Still in the developmental stages is the use of a 3D printer to produce garments. Currently the 3D printer is used mainly to produce prototypes for new products. Many benefits to this technology have been found such as reduced costs, waste, material and time. Therefore this production technique has been widely favoured and there is a focus to push the boundaries for what it can produce (theeconomist.com). There is a hope that in the future this will allow us to print our own clothes!

The locations for garment production may well change in the future too. There is currently a heavy focus on it in China but with their currency value increasing, it will soon not be such a great choice for cheap manufacturing. Competition from lower cost nations such as Africa, Cambodia, Malaysia, Bangladesh and the Philipines will heat at a rapid pace (Plunkett Research Ltd, 2012).

A certain change for the future of manufacturing will be its social and environmental effects. Companies such as Better Cotton and Brandex are involved in a movement to create eco-friendly manufacturing and better circumstances for the workers. This is something that is vital to continue with since consumption rates are increasing (mintel.com) and due to government initiatives to preserve the environment. Therefore, more companies will take up social responsibility to keep up with consumption demand and preserve the demand for their services.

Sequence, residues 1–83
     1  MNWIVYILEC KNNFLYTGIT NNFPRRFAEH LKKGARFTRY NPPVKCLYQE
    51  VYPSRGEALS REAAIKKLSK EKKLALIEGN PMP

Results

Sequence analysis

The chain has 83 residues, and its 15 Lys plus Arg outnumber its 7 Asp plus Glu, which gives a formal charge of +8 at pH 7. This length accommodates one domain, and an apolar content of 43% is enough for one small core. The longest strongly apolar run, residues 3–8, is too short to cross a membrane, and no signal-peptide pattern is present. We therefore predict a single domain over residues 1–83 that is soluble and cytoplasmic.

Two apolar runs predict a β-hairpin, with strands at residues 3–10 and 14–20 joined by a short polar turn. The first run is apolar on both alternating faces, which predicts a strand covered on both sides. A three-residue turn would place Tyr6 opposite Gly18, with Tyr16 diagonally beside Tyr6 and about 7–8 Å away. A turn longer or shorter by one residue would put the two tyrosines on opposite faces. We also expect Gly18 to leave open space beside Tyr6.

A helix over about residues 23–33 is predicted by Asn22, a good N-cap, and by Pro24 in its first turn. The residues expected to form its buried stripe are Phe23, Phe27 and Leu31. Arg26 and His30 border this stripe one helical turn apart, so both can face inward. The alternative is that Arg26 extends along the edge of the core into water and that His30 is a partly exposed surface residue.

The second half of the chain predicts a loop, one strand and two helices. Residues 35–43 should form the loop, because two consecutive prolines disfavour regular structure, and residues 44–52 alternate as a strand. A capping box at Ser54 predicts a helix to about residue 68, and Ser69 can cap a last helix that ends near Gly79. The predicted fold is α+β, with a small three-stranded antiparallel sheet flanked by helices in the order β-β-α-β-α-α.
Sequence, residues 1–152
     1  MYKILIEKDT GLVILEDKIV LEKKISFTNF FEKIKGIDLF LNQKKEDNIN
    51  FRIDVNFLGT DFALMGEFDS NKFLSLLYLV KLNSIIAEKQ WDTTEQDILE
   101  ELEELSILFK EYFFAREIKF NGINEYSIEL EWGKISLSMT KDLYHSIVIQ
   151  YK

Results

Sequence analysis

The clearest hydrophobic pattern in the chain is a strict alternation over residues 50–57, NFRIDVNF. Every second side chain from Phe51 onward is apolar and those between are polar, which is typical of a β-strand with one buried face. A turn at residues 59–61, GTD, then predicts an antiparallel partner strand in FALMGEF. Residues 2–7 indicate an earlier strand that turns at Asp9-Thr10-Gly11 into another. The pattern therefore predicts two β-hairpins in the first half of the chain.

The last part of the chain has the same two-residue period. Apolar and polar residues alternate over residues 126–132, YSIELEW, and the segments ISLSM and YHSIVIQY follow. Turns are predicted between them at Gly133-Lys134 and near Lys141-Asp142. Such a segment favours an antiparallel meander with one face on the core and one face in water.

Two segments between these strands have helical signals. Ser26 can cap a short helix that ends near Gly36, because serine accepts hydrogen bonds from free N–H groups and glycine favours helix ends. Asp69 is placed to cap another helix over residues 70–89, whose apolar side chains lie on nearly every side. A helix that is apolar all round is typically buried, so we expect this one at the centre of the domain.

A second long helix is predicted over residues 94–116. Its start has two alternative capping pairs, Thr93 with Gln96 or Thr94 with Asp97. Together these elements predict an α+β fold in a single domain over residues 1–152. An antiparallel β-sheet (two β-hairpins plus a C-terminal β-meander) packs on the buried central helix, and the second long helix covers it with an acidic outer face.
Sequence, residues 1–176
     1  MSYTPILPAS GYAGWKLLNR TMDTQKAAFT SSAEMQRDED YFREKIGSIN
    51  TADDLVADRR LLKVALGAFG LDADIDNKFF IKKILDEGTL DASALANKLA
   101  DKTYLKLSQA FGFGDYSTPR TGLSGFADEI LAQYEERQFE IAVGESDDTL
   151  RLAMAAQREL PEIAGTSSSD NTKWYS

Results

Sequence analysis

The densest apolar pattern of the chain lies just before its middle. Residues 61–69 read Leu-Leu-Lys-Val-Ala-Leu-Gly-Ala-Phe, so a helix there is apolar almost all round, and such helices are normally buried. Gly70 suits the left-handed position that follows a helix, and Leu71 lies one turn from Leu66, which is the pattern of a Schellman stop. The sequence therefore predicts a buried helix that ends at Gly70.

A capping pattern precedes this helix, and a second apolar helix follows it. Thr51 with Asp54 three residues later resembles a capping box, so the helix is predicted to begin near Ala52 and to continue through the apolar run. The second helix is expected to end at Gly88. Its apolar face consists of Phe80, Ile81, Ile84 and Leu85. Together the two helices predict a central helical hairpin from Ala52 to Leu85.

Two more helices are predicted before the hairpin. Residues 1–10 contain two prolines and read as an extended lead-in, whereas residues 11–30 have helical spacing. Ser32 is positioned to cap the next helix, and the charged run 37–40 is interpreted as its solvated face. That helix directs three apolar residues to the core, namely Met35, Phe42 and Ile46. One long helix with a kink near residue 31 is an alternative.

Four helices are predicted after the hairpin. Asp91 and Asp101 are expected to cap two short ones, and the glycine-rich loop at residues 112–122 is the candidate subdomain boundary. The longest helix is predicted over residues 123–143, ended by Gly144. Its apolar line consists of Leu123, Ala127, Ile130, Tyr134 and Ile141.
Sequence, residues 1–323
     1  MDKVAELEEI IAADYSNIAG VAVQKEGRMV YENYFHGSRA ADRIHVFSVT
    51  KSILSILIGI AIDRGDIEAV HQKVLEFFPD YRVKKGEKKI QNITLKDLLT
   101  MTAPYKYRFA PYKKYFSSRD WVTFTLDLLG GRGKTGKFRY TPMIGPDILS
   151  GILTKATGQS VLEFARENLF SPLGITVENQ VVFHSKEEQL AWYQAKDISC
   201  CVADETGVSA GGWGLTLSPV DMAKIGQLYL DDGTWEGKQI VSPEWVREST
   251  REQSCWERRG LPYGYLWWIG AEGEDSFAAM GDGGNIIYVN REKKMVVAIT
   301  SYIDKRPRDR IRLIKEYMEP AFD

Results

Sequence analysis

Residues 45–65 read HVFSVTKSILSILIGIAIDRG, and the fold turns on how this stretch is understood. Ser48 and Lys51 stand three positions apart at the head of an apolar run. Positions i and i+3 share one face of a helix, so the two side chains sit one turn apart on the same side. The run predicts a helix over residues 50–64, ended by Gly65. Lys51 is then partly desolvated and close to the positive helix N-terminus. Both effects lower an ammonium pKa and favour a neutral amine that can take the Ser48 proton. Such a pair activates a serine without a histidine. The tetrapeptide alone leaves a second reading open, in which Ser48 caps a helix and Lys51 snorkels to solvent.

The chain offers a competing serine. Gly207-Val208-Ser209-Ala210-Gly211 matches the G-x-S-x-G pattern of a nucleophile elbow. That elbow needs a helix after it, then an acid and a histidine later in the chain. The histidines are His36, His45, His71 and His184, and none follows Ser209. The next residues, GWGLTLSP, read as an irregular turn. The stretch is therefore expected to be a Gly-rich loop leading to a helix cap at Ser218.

Distribution:

A question to raise when considering distribution is; will clothes be distributed to stores or will they become obsolete and head straight from warehouse to household? A Mintel report says that online sales of clothing and footwear has increased by 13 percent between 2009 and 2011, ‘making it the fastest growing – and now the most popular – category bought online.’ 



However, its analysis suggests that women’s inability to try the garments before they buy is creating a barrier for the growth of sales in the online market. There are technologies such as the virtual fitting room, personalization and ‘augmented reality’ being developed to help customers vision themselves wearing clothes without trying them on. If these technologies catch on and become a routine part of online shopping and develop to the point that the virtual fitting rooms are as good as seeing clothes on in real life, then it is possible that in the future consumers will not have a need for a physical store.